The construction industry has started harnessing technological innovations of our times, and the trend has now changed for the better.
At Scantek, our mission is to help everyone use and maximize this groundbreaking technology, to streamline the construction and building process by providing real-world, accurate data and dependable deliverables that maximize efficiency and coordination.
For Carpenters, 3D Laser scanning is the most preferred and fastest option for validating field conditions of any ongoing concrete and MEP work.
By laser scanning, you can now ensure that all conduit, rebar, and embed sleeves are properly located and installed per plan prior to the concrete slab being poured.
Our team can scan, process, and generate accurate visualizations that can be used to detect issues and discrepancies right away.
The laser scan data and as-built documentation is used to communicate and correct issues early within the construction phase. The on-site Data collection, and laser scanning operation is simple for most types of surfaces, including concrete slabs (before and after pouring).
A single technician can capture and scan about a 150-foot by 150-foot floor area within 10 minutes.
Faster onsite data collection and verification means the project team will have more time to address and fix issues before the concrete is cured, minimizing the labor cost and field measurement cycle of within the carpentry industry.
In addition, the obtained 3-dimensional scan data is way more accurate compared to manual markings and chalk lines.
Laser scan data is also used extensively in 3D printing, 3D engraving, etc. Moreover, artists are also embracing the incredible 3D laser scanning solutions to create stunning artworks, both physical and digital.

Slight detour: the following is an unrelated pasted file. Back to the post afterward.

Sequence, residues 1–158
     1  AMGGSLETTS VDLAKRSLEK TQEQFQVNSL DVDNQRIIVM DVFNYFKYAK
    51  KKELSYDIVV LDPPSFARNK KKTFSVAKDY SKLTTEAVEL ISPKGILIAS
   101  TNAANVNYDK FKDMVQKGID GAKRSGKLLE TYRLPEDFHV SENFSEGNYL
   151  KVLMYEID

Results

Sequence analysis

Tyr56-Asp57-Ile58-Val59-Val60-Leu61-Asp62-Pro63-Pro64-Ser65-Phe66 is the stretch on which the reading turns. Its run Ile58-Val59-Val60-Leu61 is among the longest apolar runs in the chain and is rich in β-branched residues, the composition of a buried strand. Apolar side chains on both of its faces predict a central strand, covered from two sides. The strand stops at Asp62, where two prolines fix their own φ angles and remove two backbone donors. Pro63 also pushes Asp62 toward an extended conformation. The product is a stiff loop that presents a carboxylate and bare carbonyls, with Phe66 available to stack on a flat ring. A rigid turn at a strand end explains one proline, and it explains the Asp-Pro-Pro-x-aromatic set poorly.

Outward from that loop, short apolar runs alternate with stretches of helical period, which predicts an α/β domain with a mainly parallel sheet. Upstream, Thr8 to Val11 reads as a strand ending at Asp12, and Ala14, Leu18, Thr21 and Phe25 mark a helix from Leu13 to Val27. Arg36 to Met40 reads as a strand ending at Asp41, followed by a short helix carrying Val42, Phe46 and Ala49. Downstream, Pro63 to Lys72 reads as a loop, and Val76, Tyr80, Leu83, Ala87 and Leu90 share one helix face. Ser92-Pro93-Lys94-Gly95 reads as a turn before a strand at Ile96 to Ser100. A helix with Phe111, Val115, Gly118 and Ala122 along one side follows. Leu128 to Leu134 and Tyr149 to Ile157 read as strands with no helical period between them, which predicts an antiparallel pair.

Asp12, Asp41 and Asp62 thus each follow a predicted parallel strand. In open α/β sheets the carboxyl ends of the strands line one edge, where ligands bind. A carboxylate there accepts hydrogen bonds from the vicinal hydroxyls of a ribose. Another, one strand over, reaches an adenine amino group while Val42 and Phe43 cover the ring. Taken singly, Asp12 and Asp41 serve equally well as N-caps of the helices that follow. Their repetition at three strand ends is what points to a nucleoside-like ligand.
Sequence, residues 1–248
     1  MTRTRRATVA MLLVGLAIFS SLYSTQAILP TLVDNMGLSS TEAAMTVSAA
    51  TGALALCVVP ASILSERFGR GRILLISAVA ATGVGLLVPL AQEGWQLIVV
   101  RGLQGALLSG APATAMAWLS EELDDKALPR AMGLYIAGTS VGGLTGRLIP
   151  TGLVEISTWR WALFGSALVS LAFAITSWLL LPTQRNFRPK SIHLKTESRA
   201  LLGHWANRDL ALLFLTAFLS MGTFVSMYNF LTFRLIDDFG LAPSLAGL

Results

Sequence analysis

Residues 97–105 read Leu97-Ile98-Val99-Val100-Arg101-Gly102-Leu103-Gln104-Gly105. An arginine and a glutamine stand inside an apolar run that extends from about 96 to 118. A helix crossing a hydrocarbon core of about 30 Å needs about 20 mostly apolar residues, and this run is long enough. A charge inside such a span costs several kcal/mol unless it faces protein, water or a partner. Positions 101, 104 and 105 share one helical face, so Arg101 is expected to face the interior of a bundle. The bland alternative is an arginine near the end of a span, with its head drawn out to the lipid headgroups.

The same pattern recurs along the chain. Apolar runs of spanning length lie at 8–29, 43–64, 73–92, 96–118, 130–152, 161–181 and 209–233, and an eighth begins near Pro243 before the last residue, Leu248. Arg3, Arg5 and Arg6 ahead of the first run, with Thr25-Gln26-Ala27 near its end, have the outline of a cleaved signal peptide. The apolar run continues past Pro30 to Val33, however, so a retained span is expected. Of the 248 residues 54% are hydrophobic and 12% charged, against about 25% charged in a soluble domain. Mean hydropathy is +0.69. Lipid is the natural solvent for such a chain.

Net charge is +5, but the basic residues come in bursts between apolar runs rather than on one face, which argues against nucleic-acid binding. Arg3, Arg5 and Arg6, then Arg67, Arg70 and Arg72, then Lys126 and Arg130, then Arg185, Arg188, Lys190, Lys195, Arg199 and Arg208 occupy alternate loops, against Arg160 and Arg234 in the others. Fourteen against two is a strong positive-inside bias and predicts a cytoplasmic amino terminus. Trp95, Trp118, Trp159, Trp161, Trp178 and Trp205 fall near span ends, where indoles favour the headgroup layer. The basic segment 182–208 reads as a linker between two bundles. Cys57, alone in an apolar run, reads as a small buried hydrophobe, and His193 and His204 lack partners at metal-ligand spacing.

The Concept of Floor Flatness and Floor Levelness
When it comes to concrete carpenters, construction contractors, superintendents, structural engineers, and flooring inspectors, the most vital questions revolving around any large concrete pour are, “Is the floor leveled?” or “Is the floor flat?”
Extreme concrete floor flatness (FF) and floor levelness (FL) are one of the two most essential requirements for any finely rectified equipment or building. All floors might first appear equally leveled and flat to the human eye. However, this is clearly a misconception.
Modern distribution centers and warehouses call for concrete flooring with outstanding floor flatness and levelness. Smooth and flat surfaces are vital because they support and ensure safe lift truck operations. Leveled Concrete floors further guarantee large storage shelving and support automated picking systems.
There has never been a higher demand for carpenters, general contractors, and subcontractors to deliver exceptionally flat and level concrete floors.
The old traditional measurement method, that installers of concrete floors depended on using, was a 10-foot straightedge to measure the concrete pour, throughout most of the 20th century. This straightedge technique is quite outdated, inaccurate, and non-reproducible.
Basically, it offers no confidence in floor levelness and a minimal assurance of floor flatness for concrete contractors. The only reason this method was used is that it was at least a better option than having nothing to measure the FF/FL.
The Emergence of Floor Profilers
Electronic floor profilers were first introduced in the 1970s with the objective of providing builders with a more reliable way to meet their concrete floor demands, i.e., fulfilling the requirements of concrete floor levelness and flatness.
These operator-guided maneuvered devices produced measurement values that needed a novel way to understand and comprehend the results. As a result, a new floor measurement language known as F-Numbers developed in time and set the base for industry standards.